Fourteen years ago, the civil war between Sri Lanka’s armed forces and the Liberation Tigers of Tamil Eelam came to a bloody end, with the government shooting dead, in cold blood, a slew of Tiger officials who had neogtiated a surrender and were making their way across a lagoon, holding up white flags.
This act of bastardry was what enabled the government to show the dead visage of Tiger leader Velupillai Prabhkaran on TV, signalling that the conflict, which had run for 26 years, was finally over.
There were claims and counter-claims after the war ended, with both sides accused of war crimes. But because Sri Lanka is of little importance in the global scheme of things, there has been no push internationally for investigation of these claims.
The country has been left to stew in its own juice. Continue reading “14 years after civil war ended, Sri Lanka is still feeling the effects”
As the US marks the 20th anniversary of the attacks on the World Trade Centre, a theory, that can only be classified as unadulterated BS, has been advanced: the event led to the invasion of Afghanistan and Iraq which in turn led to the emergence of Donald Trump.
Such a narrative sits nicely with Democrats: the election of the worst US president, a Republican, was caused by the actions of another Republican president, George W. Bush.
Part of this logic — if you can call it that — is that Trump’s opposition to the wars launched by Bush put paid to the chances of his brother, Jeb, gaining the Republican nomination.
Continue reading “War on terror has nothing to do with the rise of Trump”
The craven manner in which Australia continues to bow before the US is borne of a deep-seated fear that Washington will again choose to interfere in Australian politics as it did in 1975.
That year, the late Gough Whitlam, who was prime minister, hinted that he might have second thoughts about renewing a lease for Pine Gap, a base in Australia’s northern parts which the Americans use for spying on other countries.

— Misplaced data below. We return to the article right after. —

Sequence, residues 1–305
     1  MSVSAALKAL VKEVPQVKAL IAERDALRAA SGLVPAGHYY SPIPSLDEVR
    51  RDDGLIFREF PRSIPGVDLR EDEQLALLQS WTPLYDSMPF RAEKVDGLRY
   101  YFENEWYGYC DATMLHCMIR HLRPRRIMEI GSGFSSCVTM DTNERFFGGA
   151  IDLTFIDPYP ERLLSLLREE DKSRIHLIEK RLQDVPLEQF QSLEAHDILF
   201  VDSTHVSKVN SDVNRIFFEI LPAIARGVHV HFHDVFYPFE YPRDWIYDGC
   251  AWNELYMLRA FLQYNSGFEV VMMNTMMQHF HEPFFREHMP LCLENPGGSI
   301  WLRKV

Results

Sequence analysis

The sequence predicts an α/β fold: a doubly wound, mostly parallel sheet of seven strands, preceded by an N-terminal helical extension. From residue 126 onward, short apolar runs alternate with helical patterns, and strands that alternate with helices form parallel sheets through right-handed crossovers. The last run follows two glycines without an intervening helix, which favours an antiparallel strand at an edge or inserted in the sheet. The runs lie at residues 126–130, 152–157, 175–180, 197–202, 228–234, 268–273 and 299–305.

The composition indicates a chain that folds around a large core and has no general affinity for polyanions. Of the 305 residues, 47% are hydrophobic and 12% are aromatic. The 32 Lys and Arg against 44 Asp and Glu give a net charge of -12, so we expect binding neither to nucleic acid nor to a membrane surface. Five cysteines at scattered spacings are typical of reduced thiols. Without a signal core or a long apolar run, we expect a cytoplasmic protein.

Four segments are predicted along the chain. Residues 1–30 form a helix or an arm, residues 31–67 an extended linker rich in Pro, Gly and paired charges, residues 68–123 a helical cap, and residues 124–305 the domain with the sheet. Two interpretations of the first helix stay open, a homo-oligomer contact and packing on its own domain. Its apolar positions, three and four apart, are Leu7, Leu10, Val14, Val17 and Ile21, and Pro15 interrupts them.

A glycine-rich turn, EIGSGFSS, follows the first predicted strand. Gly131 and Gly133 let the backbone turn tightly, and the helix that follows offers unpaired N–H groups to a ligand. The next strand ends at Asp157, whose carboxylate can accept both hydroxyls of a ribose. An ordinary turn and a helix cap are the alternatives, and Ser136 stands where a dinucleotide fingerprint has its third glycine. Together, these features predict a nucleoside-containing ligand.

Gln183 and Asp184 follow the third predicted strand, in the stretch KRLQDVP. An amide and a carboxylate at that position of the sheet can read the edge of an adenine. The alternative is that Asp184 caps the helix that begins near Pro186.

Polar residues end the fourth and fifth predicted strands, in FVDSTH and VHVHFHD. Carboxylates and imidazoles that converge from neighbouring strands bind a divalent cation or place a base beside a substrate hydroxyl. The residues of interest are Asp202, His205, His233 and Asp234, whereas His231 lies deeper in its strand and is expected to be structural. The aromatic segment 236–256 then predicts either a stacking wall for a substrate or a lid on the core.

Whitlam was sacked by the governor-general John Kerr shortly thereafter. A full account of the affair is here; the CIA’s involvement has never been in doubt.
Continue reading “Australia is a vassal state of the US. That will never change”
Last month, the Australian Broadcasting Corporation, a taxpayer-funded entity, made several people redundant, due to a cut in funding by the Federal Government. Among them was Emma Alberici, a presenter who has been lionised a great deal as someone with great talents, but who is actually a mediocre hack who lacks ability.
What marked Alberici out is the fact that she had the glorious title of chief economics correspondent at the ABC, but was never seen on any TV show giving her opinion about anything to do with economics. Over the last two years, China and the US have been engaged in an almighty stoush; Australia, as a country that considers the US as its main ally and has China as its major trading partner, has naturally been of interest too.
But the ABC always put forward people like Peter Ryan, a senior business correspondent, or Ian Verrender, the business editor, when there was a need for someone to appear during a news bulletin and provide a little insight into these matters. Alberici, it seemed, was persona non grata.
Continue reading “One feels sorry for Emma Alberici, but that does not mask the fact that she was incompetent”